it has one, or the directory with the slashes changed
to dots and reversed. For example, /net/outside/canada
has a domain of canada.outside.net.
The first mount is the default directory and domain
that the local hostname resolves through.
- Specify the maximum transmission unit (MTU) of a Qnet packet.
The num argument must be greater than 100, and
all nodes in network must use the same value.
The default is 1500.
- Whether or not to generate and expect ACK packets.
These packets are
required to guarantee data delivery over networks that may
lose packets, e.g. Ethernet. The value of X can be:
- Generate and expect ACK packets (the default).
- Don't generate or expect ACK packets. Specify this value only when
it isn't possible for a packet to be lost.
|| Configure all hosts on the network to use the same value for the
- Specifying a nonzero value to this option instructs Qnet not to log
errors or events to
You can use this option to squelch events caused by a noisy network
when you're looking for non-network events in the
By default, Qnet logs events to slogger, which corresponds
to a zero value for no_slog.
- The number of times per seconds that QoS/L4
should wake up to perform periodic housekeeping tasks.
The value must be in the range from 1 to 1000;
the default is 5, resulting in a default 200 ms tick.
|| If you change the value of periodic_ticks, you'll affect the
timing of all other options that rely on the timer tick.
- The number of periodic ticks after which QoS
should probe a connection on an interface for which there is no mapping
for the remote node with a broadcasted packet. The default
is the same as the value of conn_up_idle.
- The priority to use for the pulse for the QoS periodic transmission
thread and the QoS transmission thread.
|| We recommend that you not change these values; we supply the
qos_per_pri and qos_tx_pri options
for the rare cases where you need to change the priority of the
- The level of verbosity of the output related to connection
management by the QoS.
The default is 0; the bigger the number, the more verbosity.
This option is used for diagnosis.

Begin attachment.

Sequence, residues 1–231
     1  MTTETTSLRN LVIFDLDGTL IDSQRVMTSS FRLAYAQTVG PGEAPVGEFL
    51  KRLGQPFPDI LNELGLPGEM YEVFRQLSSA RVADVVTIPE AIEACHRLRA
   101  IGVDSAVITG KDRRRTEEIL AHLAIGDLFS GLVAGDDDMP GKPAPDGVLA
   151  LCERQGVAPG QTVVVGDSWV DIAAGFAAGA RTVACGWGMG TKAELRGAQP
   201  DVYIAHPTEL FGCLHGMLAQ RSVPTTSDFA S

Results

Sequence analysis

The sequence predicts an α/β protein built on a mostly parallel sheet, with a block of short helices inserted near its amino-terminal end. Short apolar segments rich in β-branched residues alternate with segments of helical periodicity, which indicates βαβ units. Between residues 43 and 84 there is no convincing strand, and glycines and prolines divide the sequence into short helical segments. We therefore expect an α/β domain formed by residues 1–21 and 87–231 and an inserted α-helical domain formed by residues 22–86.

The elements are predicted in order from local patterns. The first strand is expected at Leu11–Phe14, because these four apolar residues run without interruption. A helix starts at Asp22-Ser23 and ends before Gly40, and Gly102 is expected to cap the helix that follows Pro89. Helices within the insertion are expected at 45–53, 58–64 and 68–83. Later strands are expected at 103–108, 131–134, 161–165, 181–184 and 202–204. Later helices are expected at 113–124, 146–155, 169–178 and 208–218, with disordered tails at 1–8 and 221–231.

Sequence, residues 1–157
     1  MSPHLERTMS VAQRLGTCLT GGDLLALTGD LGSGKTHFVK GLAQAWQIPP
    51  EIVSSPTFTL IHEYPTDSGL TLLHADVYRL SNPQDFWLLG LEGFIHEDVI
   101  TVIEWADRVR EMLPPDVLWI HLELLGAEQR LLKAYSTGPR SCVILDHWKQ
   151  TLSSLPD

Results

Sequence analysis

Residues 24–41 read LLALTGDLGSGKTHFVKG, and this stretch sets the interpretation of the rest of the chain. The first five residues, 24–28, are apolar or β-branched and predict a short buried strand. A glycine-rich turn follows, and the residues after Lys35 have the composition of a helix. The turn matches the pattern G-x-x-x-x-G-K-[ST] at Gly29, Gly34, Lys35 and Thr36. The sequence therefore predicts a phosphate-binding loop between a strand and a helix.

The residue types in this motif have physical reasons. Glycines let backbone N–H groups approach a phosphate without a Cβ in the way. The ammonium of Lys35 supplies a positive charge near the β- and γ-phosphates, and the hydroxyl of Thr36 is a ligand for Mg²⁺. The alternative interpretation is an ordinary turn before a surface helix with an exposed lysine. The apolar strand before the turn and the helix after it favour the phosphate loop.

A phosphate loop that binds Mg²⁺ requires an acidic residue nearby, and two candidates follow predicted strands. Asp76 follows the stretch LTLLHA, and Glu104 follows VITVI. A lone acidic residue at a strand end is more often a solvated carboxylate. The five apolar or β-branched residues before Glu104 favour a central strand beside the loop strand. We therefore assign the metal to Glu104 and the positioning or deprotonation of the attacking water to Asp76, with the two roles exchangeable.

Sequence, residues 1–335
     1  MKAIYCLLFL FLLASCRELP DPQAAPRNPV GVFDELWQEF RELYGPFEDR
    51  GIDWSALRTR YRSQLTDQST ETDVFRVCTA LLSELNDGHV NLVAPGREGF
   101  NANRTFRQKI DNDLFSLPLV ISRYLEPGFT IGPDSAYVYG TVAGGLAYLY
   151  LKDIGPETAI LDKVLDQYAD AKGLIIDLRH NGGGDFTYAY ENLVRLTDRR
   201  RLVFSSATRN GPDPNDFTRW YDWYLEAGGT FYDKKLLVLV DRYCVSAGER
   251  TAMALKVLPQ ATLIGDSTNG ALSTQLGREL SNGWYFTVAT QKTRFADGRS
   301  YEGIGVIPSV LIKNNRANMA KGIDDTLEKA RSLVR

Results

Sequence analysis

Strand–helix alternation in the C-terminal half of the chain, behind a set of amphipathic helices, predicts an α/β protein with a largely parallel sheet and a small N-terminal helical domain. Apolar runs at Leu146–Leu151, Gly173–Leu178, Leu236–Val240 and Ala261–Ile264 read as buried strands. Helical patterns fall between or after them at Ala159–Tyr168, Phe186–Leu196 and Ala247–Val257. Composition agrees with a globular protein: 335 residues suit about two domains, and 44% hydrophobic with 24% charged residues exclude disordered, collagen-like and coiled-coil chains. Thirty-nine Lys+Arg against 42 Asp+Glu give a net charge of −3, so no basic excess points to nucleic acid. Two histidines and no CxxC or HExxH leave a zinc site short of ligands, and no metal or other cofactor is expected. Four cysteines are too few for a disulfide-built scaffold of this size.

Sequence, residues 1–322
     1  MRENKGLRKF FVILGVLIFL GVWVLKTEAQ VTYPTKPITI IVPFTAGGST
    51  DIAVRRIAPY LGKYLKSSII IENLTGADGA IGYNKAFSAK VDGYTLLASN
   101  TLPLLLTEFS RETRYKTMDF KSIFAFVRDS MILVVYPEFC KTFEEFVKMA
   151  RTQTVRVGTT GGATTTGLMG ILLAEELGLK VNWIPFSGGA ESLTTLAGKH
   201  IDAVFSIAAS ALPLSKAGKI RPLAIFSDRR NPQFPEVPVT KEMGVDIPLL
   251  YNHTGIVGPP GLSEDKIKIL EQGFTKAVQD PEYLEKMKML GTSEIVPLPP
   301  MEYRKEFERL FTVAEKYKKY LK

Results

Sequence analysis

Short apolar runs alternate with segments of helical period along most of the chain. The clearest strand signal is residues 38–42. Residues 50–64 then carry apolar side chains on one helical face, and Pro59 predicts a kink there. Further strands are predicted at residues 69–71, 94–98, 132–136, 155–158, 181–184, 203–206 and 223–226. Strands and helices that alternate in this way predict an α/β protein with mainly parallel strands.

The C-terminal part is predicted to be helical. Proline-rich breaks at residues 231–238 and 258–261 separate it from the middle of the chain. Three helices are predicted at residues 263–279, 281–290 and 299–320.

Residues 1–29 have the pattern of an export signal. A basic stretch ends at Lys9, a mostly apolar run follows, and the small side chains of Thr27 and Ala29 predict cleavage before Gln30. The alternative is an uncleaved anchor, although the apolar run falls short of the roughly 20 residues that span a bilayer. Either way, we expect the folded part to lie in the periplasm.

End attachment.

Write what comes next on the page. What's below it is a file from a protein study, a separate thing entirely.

- The number of retries the Ethernet resolver will perform during an
attempted node resolution before giving up.
The default is 2.
- The number of periodic ticks before the Ethernet resolver retransmits a
node resolution request.
The default is 1.
- Add to the resolver list for mountpoints that follow.
The following values for resolver are built into the
- en_ionet —
broadcast requests for name resolution on the LAN (similar to
the TCP/IP ARP protocol). This is the default.
- dns — Take the node name, add a
dot (.) followed by the node domain, and send the
result to the TCP/IP
- file — The resolver_parameter is
the name of the file to use; the default is
The format of the file is as follows:
# This is a comment line
The host.domain represents a Qnet fully qualified domain name
The addr1 and optional addr2
are the interface addresses for the FQDN.
For bind=en, the format of an address
is xx:xx:xx:xx:xx:xx (the MAC address).
If you specify something else, Qnet attempts to load
The default name resolver is en_ionet. For queries how to
create nr-resolver.so, please contact QNX support.
|| The following combinations aren't supported:
- bind=en and resolve=dns
- bind=ip and resolve=file
- How L4 should handle the received (rxd) packets:
- 0 — hold onto multiple rxd packets during reassembly (the
default). This results in the best performance.
- 1 — make a copy of the data in the packets and immediately
return the packet buffers to the driver. This is useful when there's a
limited number of packet buffers provided by the driver.
- The number of ticks after which to forget about
the slow transmit mode (i.e. tightly windowed) for a node.
The default is 1200, giving 240 seconds or four minutes.